R. Krishna Kumar

The centre will emerge as an agency to certify organic products

It is the first organic farming research station in the StateStress will be laid on soil health

MYSORE: In a major policy shift indicative of the growing apprehension of indiscriminate use of chemicals in agriculture, the Government has converted the Agricultural Research Station at Naganahalli into an Organic Farming Research Station.

The organic farming research station, located on the outskirts of the city on the Bangalore-Mysore Highway and spread across 25.2 hectares of land, is reckoned to be the first such venture in the State. It has been established to scientifically validate and analyse the claims of organic agricultural produce and help popularise it among farmers. It will emerge as a certifying agency empowered to authenticate organic products.

The research station is affiliated to the University of Agricultural Sciences, Bangalore, and is being funded by the Organic Farming Cell of the Department of Agriculture.

H.L. Vasanth Kumar, senior farm superintendent of Naganahalli Agricultural Research Station. told The Hindu that the immediate reason to lay thrust on organic farming had stemmed from the perceived health hazards of the indiscriminate use of chemicals in agriculture as evident in the use of endosulfan in cashew farming in Kasaragod.

"We will now embark upon research and farming methodologies that will obviate the use of chemicals and synthetic pesticides in agriculture and rely on crop residue and use of in situ green manure, cow dung and other bio-fertilizers," Mr. Vasanth Kumar said.


The Naganahalli research station will establish an outlet on Bangalore-Mysore Highway to market its organically produced fruits, vegetables and cereals. It will ensure a steady supply of organic products by staggering production, he said.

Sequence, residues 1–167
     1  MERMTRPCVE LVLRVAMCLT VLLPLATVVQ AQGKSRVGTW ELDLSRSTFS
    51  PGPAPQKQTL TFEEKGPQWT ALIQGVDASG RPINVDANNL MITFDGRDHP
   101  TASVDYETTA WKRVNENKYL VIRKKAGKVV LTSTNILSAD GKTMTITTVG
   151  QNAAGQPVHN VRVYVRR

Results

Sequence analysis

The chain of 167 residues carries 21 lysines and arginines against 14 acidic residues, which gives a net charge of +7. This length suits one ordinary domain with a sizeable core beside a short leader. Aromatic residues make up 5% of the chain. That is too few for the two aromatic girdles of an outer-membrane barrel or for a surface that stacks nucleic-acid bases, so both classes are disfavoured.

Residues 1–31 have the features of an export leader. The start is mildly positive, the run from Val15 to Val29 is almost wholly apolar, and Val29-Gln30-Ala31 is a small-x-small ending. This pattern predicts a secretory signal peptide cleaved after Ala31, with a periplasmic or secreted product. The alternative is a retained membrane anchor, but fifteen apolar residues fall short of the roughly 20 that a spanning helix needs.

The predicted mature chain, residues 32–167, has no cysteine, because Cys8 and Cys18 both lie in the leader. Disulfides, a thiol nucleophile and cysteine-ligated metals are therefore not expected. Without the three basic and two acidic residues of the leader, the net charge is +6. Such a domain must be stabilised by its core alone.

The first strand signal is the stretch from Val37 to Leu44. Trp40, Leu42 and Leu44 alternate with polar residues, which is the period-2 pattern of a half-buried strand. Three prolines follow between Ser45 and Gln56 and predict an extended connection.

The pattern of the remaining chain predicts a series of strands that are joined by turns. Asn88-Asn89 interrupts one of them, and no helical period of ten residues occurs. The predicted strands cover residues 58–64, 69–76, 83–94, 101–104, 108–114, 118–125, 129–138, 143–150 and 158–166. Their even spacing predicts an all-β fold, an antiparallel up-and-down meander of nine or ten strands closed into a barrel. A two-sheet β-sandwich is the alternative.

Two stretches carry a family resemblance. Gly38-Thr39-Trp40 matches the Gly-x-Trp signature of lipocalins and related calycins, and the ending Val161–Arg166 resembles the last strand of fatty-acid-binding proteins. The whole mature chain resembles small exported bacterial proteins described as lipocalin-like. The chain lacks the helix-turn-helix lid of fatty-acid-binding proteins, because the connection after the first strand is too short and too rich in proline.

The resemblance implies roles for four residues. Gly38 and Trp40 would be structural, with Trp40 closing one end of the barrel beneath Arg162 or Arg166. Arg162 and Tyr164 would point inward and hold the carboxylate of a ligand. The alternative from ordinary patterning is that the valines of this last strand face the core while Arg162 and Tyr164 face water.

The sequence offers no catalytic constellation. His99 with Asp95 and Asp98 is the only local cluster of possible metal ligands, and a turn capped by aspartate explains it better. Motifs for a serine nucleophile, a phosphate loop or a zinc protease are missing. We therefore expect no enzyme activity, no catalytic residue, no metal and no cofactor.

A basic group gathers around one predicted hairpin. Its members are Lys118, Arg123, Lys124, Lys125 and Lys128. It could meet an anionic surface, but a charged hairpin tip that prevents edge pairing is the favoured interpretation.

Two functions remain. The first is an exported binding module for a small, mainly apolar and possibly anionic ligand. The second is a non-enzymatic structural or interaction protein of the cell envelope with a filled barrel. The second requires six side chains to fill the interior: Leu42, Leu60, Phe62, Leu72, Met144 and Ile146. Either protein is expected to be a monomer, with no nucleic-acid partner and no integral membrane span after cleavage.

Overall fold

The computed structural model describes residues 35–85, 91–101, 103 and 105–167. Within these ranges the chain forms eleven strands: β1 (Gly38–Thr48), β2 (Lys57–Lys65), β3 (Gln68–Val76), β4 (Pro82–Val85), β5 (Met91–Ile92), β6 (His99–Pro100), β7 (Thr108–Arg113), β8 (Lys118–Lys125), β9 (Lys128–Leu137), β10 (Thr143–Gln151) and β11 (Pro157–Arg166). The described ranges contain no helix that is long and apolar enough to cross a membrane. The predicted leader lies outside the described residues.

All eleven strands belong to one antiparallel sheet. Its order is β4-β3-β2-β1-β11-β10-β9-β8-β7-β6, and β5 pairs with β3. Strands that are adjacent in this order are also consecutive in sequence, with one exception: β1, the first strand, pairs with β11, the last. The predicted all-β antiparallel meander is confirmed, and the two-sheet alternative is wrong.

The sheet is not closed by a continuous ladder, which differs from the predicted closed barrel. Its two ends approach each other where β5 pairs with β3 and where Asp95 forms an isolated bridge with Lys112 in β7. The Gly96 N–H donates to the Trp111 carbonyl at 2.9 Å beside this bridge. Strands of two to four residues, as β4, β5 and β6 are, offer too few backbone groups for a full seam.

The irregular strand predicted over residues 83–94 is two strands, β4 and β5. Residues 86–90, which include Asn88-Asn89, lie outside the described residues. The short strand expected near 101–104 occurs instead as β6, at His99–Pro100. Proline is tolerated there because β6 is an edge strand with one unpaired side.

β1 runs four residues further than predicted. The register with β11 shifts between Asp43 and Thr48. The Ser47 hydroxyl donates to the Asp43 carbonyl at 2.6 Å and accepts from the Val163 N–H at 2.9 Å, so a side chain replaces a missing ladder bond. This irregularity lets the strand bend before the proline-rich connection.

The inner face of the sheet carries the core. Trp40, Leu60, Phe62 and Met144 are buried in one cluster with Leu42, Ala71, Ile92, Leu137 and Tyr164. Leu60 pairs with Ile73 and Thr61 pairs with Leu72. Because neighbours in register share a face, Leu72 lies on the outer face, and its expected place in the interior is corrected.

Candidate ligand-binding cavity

"Our products will be 100 per cent organic and meet the National Standards for Organic Products (NSOP)," Mr. Vasanth Kumar said.

Organically cultivated mangoes, vegetables, seeds, organic rice, bananas, and other horticultural products, will be up for sale. It will be the first outlet to sell organic agricultural produce that is scientifically authenticated by NSOP, he said. The agricultural station is a partner in many all-India coordinated projects, including the one on maize. It caters to the needs of the department, the seeds corporation and farmers. It will also conduct research on conventional farming technologies, but on a lower scale. But the conversion from modern chemical-based agriculture to organic farming should be gradual, he said.

Mr. Vasanth Kumar said that in organic farming, the produce is free from chemical pesticides, nutritionally superior.

"Organic farming lays stress on soil health because soil microbial activity is a must to increase the fertility of the soil. We will lay stress on this aspect," he added.

Mr. Vasanth Kumar said cotton was cultivated only on five per cent of the total agricultural land in the country.

"Almost 50 per cent of the entire chemical pesticide used in India is for cotton farming. Cotton seeds are also used as cattle fodder and these chemicals have now entered the human food chain. Our research on organic farming is expected to come out with methods that will gradually reduce the use of chemicals," he said.